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Cuphead Review

(Image from Xbox)

Only from the outside do the colourful and emotive adventures of two faiences appear pleasant and innocent. It’s time to see what the MDHR studio has developed and hidden in the main characters’ ceramic skulls. 

Cuphead is a unique game centred on a single concept: challenging boss fights. Putting all of one’s chips on one concept was dangerous, because a show consisting of just roughly thirty duels may get tedious after a while. The creators, on the other hand, completely understood the notion they developed and made the fights vivid and distinctive. Each opponent demands the player to study their strikes, master their shooting range, and figure out when you can finally attack your opponent. There are no health bars for bosses, only information regarding the fight’s advancement is the transfer to the next stage, in which the opponent gains new powers, further dynamizing the conflict and requiring the player to devise a new strategy.

Unfortunately, there are no checkpoints in the game. This implies that if we make a mistake in the last stage of the battle, we must restart the level from the beginning. However, the bouts are not overly long, with an average of 2-3 minutes needed to overcome an opponent. When we are unable to beat the attacker, lowering the difficulty level allows us to better understand some of the attacks and practice evading them. However, if you want to complete the game, you must do so on Regular difficulties, as progress on Easy does not count.

(Image from The Verge)

Cuphead and Mugman utilise finger missiles to kill the Devil’s former debtors, a task they agreed to after losing a dice game to him. However, if we determine that the weapons we have at our disposal pale in comparison to the lethal talents met on our opponents’ path, we can proceed to one of various platform levels and obtain money for which we can purchase additional weapons. They are not essential to complete the game, but they provide a welcome respite from the frequent boss battles. This does not imply that they are simple however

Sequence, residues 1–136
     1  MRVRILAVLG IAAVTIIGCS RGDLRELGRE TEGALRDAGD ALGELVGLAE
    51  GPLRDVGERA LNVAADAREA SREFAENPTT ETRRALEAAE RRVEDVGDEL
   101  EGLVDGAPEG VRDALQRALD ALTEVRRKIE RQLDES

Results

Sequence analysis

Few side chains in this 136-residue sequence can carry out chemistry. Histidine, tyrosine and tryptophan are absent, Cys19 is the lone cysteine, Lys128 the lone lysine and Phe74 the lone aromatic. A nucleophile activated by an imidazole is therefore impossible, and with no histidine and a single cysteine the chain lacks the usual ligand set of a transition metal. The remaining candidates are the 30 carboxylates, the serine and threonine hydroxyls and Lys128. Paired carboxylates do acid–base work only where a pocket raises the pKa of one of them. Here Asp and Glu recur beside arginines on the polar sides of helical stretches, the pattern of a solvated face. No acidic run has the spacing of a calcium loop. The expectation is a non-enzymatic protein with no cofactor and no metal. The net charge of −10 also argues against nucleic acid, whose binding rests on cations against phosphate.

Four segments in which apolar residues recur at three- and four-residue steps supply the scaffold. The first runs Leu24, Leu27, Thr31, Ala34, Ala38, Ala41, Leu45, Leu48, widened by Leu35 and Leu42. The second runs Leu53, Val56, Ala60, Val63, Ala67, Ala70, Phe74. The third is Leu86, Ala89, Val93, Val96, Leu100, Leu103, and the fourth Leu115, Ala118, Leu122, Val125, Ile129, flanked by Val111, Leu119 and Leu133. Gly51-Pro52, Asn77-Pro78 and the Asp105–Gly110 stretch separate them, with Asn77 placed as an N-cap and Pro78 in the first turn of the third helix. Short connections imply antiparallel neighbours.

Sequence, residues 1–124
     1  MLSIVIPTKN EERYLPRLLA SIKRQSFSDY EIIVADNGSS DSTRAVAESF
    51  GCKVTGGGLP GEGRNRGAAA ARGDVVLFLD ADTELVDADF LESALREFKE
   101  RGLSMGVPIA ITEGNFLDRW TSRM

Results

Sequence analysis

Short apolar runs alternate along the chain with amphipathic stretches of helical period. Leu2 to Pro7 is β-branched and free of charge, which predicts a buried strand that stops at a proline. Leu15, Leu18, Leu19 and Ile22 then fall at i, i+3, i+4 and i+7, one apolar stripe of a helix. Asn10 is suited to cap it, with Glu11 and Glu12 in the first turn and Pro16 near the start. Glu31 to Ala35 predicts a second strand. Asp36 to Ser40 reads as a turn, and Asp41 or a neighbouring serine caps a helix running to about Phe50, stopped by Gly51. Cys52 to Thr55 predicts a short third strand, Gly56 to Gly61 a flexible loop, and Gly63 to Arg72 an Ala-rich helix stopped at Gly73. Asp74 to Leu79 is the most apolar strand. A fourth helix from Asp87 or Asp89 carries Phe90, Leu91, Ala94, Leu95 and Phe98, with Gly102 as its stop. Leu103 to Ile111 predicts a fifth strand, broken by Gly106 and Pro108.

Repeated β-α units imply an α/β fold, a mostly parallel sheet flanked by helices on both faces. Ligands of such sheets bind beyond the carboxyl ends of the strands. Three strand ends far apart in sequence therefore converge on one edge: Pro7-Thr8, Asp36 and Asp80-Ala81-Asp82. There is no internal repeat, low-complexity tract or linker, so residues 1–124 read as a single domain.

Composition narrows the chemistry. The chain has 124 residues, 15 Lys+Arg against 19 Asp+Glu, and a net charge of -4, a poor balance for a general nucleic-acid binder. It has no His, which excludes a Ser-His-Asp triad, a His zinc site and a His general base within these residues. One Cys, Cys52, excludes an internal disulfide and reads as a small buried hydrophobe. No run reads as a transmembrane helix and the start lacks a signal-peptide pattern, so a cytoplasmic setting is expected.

We can spend our hard-earned money – really hard, believe me – at The Shop. The travelling store is brimming with numerous weapon upgrades and unique powers that, for example, improve our hero’s dodge or enhance the quality of life points at the price of the damage delivered. Each type of shell has advantages and disadvantages that should be considered while designing a build for the boss you meet. A high-damage, but lobbing, purple projectile or red arrow splashed at a short distance will be ineffective in ranged combat. This little RPG feature may greatly simplify a fight with a formidable opponent! 

Special manoeuvres are also useful; the capacity to utilise them is indicated by cards adjacent to the hero’s health points. They fill up with harm and demolish various pink items after a second leap. Cups can also unleash a super move that consumes all cards, allowing them to do immense damage or acquire temporary invincibility. These blows are acquired by playing exciting mini-games in which you must rid mausoleums of spirits that are upsetting the gorgeous Chalice. 

(Image from Tuni)

I saved the audio-visual layer till last. The game’s distinguishing features are probably the stunning graphics and jazz music in the background, which are not just stylized on animations from the previous century, but actually generated using the same approach. In one of the interviews, the writers stated that it takes roughly two years to develop an animation of one character. The music was developed with the help of large bands, focusing on genre classics with Duke Ellington at the foreground. The whole thing is complemented by the distinctive crackling of a vinyl record playing in the background, which nicely complements the noisy picture filter. The ultimate product is incredibly magnificent, and most importantly, it ensures the game’s aesthetic immortality. The game will still look great in five, 10, or perhaps fifty years. It’s as if she made a deal with the Devil himself. The models are meticulously constructed, and the added animation based on the unrealistic, rubber movement of the character’s limbs adds to the fairy-tale, nostalgic experience. Just… Cuphead is extremely lovely, and the fact that the gameplay maintains a consistent 60 frames per second in both portable and stationary Switch modes indicates that we’re dealing with a top-tier product. 

Cuphead is as bad as gambling. It’s highly addicting, and most importantly, it’s rewarding when we finally kill this terrible enemy after trying several different approaches. Cuphead adores everyone. But not everyone will adore him. It’s a challenging yet thrilling relationship that’s worth participating in.

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